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I am in the process of writing a web-app that uses multiple web APIs. For a single request of a single user, my app may need to perform up to 30 HTTP requests to other sites. The site housing the web-app can have hundreds of concurrent users.

I've been looking around trying to figure out which library should I use. I'm looking for a mature project that has detailed documentation and tested code, one that will still be around in years to come. Not sure if something like that exists (!)

Couple of questions :

  1. In a case such as described above, should I be using an asynchronous HTTP client (without threading), or a regular (possibly pooled) HTTP client (with threading)? Asynchronicity relieves my app from using threads, but makes the code more scattered - will the above mentioned number of requests burden my server too much? (it says here that asynchronous is more scalable)

  2. Which library is the common one to use? Is it Apache HttpComponenets HttpClient or its asynch couterpart HttpAsynchClient - which is in Alpha...)? How about jfarcand's AsyncHttpClient?

Okay, let's say I will use threads. After digging around I realize that spawning threads from within a servlet (in my case - a Struts action), may be a big No No :

related questions:

What is recommended way for spawning threads from a servlet in Tomcat

Need help with java web app design to perform background tasks

Can i spawn a thread from a servlet ?

The way I see it, these are my options:

  1. use my own thread pool (container doesn't manage my threads)
  2. use a WorkManager such as CommonJ (seems like an inactive product)
  3. use a 3rd party scheduler such as Quartz (may be an overkill ... ?)

I would appreciate any recommendations for this specific use case - aggregating lotsa data from different web services (this aggregation is invoked by a single user's single request).

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up vote 1 down vote accepted

Good question. I would try an asynchronous solution first to see how everything works. The asynchronous solution would be the simplest to implement.

If that doesn't work, try a more threaded model.

I would use HttpClient for making your requests. I've worked with it a lot and use it for any http work that I have to do.

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At 30 requests for hundreds of users, async is the way to go, else you will have lots of threads just blocking for a result if you use synchronous (blocking) calls on threads. – David d C e Freitas Apr 19 '11 at 17:42
@David, I'm in agreement with you. I think asynchronous is the way to go in the long run. In fact after giving some thought to this problem some more, I would consider having the calls to the remote sites as part of a persistence layer/store that could cache the results from those external sites. The persistence layer/store could then update the cache based on a specific strategy. We don't know what data is required from each site and how that data is rehashed and then displayed on this particular site. Perhaps using asynchronous calls from the client via javascript is the best plan here. – hooknc Apr 19 '11 at 18:07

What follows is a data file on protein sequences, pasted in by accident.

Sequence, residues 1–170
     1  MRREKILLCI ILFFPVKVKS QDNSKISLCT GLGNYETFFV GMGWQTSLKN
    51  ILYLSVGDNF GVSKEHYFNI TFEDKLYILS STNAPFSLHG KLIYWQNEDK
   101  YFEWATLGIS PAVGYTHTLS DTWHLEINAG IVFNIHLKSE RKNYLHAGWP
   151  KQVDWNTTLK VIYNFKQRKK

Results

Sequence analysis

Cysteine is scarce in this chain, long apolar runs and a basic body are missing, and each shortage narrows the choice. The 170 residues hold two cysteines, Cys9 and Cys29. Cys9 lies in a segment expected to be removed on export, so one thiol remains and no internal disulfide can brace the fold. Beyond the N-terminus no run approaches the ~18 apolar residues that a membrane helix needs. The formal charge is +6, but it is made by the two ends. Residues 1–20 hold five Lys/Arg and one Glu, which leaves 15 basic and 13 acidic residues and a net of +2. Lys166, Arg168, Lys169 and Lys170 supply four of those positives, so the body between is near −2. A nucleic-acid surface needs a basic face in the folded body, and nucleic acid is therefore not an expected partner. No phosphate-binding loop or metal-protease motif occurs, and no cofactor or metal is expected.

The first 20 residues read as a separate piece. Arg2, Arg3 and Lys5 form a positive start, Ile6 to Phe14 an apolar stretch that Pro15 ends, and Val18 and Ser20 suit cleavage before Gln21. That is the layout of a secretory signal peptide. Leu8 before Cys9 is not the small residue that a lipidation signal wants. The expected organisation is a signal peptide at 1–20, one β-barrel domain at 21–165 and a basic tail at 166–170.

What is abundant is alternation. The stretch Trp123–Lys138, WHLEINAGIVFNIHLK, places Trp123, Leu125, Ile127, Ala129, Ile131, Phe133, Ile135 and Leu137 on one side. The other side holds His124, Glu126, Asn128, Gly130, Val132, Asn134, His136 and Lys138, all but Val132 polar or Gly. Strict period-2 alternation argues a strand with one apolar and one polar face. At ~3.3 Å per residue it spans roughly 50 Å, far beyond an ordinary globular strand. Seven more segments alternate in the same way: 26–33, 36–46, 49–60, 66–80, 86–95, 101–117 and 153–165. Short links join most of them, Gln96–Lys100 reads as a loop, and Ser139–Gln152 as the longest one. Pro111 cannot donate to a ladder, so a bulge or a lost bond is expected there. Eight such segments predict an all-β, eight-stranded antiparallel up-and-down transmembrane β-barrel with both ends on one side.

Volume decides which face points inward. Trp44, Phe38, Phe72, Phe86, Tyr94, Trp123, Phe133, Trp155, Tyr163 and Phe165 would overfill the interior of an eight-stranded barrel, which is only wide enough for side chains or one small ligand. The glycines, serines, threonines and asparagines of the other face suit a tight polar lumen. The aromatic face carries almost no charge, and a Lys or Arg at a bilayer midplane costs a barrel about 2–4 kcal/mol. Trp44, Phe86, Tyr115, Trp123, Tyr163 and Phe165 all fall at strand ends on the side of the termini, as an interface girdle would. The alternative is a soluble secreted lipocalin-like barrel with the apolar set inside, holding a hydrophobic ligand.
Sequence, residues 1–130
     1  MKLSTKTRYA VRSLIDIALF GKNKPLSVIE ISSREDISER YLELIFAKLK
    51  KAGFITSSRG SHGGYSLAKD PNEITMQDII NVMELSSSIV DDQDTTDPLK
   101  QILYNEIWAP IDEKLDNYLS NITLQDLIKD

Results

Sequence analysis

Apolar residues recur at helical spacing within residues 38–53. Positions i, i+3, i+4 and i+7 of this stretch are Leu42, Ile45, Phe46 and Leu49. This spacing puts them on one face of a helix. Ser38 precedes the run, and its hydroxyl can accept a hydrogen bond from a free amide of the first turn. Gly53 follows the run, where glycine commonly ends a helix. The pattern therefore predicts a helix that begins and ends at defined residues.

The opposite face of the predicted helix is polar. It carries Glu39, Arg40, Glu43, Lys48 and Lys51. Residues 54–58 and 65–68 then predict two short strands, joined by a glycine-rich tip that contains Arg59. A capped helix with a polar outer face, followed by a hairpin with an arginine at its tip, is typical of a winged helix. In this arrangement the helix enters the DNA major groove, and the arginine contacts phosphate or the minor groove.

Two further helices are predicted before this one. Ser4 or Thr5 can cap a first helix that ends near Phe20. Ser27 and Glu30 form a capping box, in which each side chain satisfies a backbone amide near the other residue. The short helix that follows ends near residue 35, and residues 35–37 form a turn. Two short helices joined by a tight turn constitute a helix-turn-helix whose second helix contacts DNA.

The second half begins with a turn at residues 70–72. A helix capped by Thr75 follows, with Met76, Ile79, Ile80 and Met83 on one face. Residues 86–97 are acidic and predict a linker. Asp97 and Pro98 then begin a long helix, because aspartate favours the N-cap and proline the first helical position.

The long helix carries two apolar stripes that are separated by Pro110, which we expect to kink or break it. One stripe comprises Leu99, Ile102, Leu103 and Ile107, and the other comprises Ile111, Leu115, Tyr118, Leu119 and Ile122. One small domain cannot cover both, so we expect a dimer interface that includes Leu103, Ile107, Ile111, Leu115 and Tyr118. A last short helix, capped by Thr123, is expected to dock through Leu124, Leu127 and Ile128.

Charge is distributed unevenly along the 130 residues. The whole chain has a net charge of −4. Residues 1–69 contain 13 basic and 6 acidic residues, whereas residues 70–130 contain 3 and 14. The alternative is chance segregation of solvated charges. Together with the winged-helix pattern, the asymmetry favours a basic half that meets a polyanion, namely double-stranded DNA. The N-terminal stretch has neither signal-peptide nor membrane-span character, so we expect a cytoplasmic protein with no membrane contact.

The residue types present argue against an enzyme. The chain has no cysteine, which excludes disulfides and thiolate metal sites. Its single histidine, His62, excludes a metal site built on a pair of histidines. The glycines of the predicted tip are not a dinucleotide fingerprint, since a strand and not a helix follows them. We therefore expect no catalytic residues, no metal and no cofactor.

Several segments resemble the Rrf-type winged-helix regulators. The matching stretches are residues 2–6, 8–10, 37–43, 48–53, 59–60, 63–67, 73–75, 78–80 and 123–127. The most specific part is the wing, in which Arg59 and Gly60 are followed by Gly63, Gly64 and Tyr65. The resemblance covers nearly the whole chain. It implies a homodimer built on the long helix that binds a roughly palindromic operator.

A single thread for each remote http connection, and using a synchronous http client will probably be easier. I would try this approach first, and see if it is fast/scalable enough. For the synchronous approach, apache http client is a good choice.

If a synchronous solution is not good enough, something like netty may be a good fit. It uses NIO so you won't get thousands of threads.

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I do not know of any existing software to do this for you that will not be overkill. But you might try splitting things up. That is, separate the fetching of the data of the showing of the result. Since you do not provide no further details on the problem at hand I cannot say for you whether that would be feasible or not.

Basically the idea is to create a service that will fetch those 30 subsequent requests for you and if possible process it into a request. The client of this service is the service that is running on the web. It will receive a request from a user and subsequently put it's own request trough to your data service. When the data service is ready it will return it's response. Either synchronously or asynchronously.

You could program your data service in any language you want, even Java, without being bound to servlets ensuring that fetching the subsequent 30 request and combining them in a response isn't being done by the webserver. This could also enhance the responsiveness of your web server itself.

Nutshell: branch of the ``difficult" tasks to a specialised service where you can transparently handle parallelism.

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I would use Jetty and in the servlets I'd use the continuation mechanism to free up the thread while waiting for the third party web request to complete. This will allow maximum concurrency on your server, as you can have a lot more suspended requests than threads.

You can use either continuations or the servlet 3.0 asynchronous API, the end result is the same.

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